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Persons Unknown: The Way Through

“I hate this place.”

I’ve mentioned elsewhere how much it irks me when the writers don’t seem to realize that the characters interact off-screen. Consider me irked.

This episode didn’t pick up where we left off: an entire week of digging has passed since last week. Now, maybe it’s just my inordinate fondness for The Great Escape, but I think that an entire tunnel-digging episode would have been fabulous. You can learn a lot about people when you’re digging together. Digging is hot, boring, dirty work: at the end of the day, over Szechuan eggplant and eggrolls, you’d tell stories. Funny stories, sad stories. You’d open up, because you’d be too tired to shut down. But our characters don’t seem to have done that. They seem to have just…dug.

In silence.

Without even changing their clothes.

That plan didn’t work, or the signal fire. I’d thought the fire would catch, and the people would be trapped in a blazing town with no way out. Instead, the Dharma Initiative dropped off a box of not-enough gas masks. Not surprisingly, the point of the gas masks was not to protect our heroes, but to punish those selfish enough to keep their own masks. Perhaps this is some self-help workshop, like The Game.

And now I’m out of things to say about the plot. That was fast.

Moira continues to be an interesting character, for two reasons: she dribbles out information in odd bits, and she definitely seems to latch onto people. It almost seems like a Survivor strategy: she continues to portray herself as a victim in one-on-one encounters, which means that at least two people will now inadvertently cast themselves in the role of protector if she’s in harm’s way. The second reason? She’s the only character who talks about anything!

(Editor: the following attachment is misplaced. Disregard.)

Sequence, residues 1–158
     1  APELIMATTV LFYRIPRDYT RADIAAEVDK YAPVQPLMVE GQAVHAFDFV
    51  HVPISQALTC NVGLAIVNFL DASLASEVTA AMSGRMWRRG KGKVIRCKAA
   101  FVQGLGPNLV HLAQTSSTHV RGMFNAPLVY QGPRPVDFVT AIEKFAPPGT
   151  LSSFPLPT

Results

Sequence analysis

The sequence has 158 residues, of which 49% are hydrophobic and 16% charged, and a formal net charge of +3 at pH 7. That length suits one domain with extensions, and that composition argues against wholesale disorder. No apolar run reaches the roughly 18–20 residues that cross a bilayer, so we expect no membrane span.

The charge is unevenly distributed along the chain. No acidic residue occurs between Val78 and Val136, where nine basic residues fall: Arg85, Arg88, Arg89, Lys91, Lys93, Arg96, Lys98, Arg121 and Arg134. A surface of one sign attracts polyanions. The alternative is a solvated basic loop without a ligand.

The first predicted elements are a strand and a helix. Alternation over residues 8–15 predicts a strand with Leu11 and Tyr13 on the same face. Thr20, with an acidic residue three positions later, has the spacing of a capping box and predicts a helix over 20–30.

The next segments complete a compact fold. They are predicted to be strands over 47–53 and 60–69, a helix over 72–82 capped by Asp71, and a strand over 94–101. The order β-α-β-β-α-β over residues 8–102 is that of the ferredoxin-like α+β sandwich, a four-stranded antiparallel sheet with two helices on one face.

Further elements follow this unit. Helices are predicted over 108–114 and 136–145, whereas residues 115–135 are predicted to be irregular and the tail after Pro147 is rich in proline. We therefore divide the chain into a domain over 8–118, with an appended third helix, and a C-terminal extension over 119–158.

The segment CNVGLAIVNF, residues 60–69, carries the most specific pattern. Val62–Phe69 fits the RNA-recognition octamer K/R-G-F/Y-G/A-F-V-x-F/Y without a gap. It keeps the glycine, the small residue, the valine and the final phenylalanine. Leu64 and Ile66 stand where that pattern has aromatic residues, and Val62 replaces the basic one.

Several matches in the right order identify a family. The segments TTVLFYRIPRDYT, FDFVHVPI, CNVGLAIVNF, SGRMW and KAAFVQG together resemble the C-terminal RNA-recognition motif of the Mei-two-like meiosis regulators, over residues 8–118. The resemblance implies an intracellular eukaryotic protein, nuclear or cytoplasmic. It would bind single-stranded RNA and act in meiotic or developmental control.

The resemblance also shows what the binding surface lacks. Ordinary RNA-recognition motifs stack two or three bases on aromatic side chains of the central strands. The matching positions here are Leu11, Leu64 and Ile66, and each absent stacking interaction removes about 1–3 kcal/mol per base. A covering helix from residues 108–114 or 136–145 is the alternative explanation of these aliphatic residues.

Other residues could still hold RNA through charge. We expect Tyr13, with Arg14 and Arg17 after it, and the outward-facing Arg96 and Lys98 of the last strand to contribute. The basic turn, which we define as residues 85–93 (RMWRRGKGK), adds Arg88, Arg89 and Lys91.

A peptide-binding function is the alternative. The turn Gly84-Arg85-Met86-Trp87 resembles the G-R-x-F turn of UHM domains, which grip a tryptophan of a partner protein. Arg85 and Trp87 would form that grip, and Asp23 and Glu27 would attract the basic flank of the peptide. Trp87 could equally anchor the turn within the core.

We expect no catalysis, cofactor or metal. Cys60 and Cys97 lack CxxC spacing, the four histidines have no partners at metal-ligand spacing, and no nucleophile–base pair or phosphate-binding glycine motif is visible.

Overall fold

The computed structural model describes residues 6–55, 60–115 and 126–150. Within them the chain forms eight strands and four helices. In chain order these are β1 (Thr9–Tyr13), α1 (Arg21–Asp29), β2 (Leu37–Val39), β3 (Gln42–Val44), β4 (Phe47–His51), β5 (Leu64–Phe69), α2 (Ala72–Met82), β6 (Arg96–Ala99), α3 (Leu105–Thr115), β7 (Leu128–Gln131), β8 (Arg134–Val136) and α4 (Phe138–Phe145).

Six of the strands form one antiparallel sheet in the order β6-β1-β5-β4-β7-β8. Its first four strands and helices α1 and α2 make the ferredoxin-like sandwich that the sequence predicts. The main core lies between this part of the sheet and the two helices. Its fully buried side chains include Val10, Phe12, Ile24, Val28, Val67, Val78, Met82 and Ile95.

Well, except for Blackham and Charlie, who seem to have an odd bond. Blackham saw what appears to be Charlie smothering his wife; Charlie, meanwhile, implied to some people that his wife is alive, but told Blackham that it was a mercy killing. Then Blackham revealed that he’s not really a used-car salesman. That man has an odd effect on his surroundings: he seems to incite people to violence. If he’s a plant, I don’t think he’s the only one. But he might just be playing his own game. A slimy, seedy game.

Janet, meanwhile, had a bit of a breakdown and then pushed through it. How interesting would it have been if there’d been just a hint that she and Joe were sleeping together? Or—even better—if we’d gotten a hint that two unlikely characters, like Charlie and Tori, had indulged in some cold comfort a few days ago, and were now avoiding each other? A touch, a shudder, a glance…I’d hoped for that sort of subtle layering from McQuarrie, but I’m not getting it.

I continue to hold out hope, but this episode really didn’t do much for me. The previews for next week look promising, though.

Bits and Pieces:

• “Never bring a bat to a gun fight.” Love this variation on The Untouchables.

• Tori: “There are some gasses you can’t see?” Is that a serious question?

• The Symbol of the Week is the tiny spoon and the big barrel of ice cream. The spoon will definitely snap before Janet finishes that tub.

• Renbe is being set up. Oh, and the private dick’s name was Edick. Funny.